They reject temple worship, varna order, caste distinctions and instead propagate equality of caste and gender. Basava’s movement was open and inclusive and many oppressed groups joined it, unwittingly triggering a bloody backlash from the Kalachuri king and his confidantes. Even now, many backward and Dalit castes in Karnataka and elsewhere trace their social history to the 12th-century movement. Vachana composers from these communities are universally revered by all Lingayats.

Lingayats are acutely aware of their differences with the Vedic norms and still retain many of their distinct ceremonies and rites of passage. For instance, they bury their dead in graveyards that are separate from Hindu burial grounds. But over the centuries, Hindu beliefs and practices have seeped back into the socially and geographically diverse Lingayat groups in varying degrees.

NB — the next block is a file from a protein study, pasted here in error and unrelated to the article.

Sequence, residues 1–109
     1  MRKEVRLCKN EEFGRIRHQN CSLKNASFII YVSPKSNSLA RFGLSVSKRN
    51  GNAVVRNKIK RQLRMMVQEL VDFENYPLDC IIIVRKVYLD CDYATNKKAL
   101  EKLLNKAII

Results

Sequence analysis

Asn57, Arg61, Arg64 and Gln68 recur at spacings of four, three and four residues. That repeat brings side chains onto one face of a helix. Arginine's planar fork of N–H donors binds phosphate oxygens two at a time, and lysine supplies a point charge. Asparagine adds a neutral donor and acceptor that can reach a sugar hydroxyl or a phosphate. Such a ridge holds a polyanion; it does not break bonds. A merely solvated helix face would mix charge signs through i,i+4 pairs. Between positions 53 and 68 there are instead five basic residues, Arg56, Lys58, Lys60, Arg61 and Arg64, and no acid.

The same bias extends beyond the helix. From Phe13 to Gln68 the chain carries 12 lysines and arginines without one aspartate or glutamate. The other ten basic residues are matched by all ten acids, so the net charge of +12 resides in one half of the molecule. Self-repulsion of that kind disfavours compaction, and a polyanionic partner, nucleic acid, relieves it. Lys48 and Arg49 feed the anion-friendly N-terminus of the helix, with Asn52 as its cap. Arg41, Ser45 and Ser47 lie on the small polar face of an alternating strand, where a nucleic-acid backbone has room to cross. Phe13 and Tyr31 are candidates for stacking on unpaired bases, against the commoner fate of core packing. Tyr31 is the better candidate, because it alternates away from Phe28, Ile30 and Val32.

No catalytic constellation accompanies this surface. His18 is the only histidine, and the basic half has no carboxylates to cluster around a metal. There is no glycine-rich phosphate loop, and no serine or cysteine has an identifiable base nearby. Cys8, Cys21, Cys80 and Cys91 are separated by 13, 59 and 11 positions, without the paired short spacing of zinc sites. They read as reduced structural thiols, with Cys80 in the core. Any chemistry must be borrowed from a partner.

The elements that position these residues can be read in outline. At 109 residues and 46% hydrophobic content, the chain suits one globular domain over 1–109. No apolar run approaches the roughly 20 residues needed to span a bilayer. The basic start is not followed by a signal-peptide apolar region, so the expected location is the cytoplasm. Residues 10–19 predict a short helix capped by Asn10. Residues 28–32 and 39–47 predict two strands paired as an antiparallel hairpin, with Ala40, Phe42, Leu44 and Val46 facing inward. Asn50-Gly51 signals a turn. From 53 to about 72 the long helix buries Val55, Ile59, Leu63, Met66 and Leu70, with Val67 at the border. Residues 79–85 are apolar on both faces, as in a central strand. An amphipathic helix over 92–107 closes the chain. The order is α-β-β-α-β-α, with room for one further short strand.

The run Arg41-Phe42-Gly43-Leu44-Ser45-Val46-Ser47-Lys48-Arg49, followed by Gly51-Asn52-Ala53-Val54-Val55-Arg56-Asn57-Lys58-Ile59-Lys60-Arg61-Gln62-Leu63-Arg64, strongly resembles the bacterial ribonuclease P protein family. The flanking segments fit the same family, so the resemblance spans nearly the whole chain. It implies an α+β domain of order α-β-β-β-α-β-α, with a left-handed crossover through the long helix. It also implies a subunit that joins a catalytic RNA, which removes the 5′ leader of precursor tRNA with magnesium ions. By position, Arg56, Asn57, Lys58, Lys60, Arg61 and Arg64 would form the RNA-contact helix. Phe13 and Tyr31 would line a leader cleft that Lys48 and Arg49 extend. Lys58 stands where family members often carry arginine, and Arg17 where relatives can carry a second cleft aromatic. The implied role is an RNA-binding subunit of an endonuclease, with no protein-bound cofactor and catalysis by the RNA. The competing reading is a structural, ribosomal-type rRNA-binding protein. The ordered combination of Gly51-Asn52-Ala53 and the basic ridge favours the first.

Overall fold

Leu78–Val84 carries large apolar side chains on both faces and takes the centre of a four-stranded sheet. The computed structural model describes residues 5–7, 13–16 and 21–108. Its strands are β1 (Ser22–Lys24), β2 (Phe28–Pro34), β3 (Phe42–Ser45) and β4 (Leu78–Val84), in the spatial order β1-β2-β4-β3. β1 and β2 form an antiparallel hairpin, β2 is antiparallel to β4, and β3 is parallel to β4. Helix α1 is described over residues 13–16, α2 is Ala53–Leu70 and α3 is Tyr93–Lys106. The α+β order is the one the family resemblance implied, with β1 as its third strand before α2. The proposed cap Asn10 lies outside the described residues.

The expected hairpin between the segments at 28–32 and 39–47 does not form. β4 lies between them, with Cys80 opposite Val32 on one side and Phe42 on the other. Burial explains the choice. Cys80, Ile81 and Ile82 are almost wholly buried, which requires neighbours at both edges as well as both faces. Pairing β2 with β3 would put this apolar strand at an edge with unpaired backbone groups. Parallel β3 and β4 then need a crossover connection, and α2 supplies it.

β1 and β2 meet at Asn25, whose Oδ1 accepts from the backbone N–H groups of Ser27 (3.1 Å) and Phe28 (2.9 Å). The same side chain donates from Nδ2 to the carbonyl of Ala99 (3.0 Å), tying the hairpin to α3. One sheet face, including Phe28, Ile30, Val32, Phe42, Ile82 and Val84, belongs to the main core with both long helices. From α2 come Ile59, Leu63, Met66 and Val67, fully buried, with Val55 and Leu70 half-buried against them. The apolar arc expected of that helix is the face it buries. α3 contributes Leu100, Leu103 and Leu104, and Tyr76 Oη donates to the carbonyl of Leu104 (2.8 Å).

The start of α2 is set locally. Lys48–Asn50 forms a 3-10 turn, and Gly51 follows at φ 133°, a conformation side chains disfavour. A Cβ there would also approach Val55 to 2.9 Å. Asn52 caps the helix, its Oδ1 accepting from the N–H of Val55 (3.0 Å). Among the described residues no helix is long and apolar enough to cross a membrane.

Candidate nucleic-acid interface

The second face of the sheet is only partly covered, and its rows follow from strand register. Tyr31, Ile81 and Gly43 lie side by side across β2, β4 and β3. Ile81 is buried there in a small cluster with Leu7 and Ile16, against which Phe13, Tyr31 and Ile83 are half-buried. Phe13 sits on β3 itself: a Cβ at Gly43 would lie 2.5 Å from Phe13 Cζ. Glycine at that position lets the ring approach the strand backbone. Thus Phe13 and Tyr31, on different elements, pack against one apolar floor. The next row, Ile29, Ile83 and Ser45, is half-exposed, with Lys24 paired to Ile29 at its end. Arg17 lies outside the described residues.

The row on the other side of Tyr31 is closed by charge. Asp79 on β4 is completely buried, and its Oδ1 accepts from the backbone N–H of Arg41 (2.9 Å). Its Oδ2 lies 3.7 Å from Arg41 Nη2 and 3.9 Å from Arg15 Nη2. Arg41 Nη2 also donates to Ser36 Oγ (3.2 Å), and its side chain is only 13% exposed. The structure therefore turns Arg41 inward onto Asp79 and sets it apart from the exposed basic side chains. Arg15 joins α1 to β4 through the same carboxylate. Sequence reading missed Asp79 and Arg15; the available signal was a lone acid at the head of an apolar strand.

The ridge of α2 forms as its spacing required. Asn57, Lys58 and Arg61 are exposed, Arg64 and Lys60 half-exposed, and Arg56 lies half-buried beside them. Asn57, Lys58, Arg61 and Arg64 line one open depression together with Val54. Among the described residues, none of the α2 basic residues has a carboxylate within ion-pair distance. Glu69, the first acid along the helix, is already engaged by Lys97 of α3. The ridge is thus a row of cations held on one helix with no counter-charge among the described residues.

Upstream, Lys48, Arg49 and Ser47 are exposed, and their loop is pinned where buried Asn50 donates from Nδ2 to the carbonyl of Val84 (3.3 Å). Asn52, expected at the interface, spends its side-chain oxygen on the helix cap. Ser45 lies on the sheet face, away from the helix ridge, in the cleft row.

On the one end of the spectrum, you have Veerashaivas, who are probably of Brahminical origin and show a strong influence of Vedic Shaivism. On the other end, you have the groups behind JLM, which are more diverse, subaltern and highly sensitive to their heritage. Veerashaivas treat Basava as one of their many gurus. For Lingayats, Basava is where their journey started and their emotional attachment to him is non-negotiable.

Old demand gaining traction

The demand for a separate Lingayat religion is over a century old, but has gained huge momentum in the last seven or eight years.

Lingayat groups held two major rounds of agitation in the British era but fell silent after Independence, perhaps discouraged by the religious partition of the country and the violent aftermath. In the 1980s, influential Lingayat organisations and leaders began to come alive again and started spreading awareness about the distinctive path shown by Basava.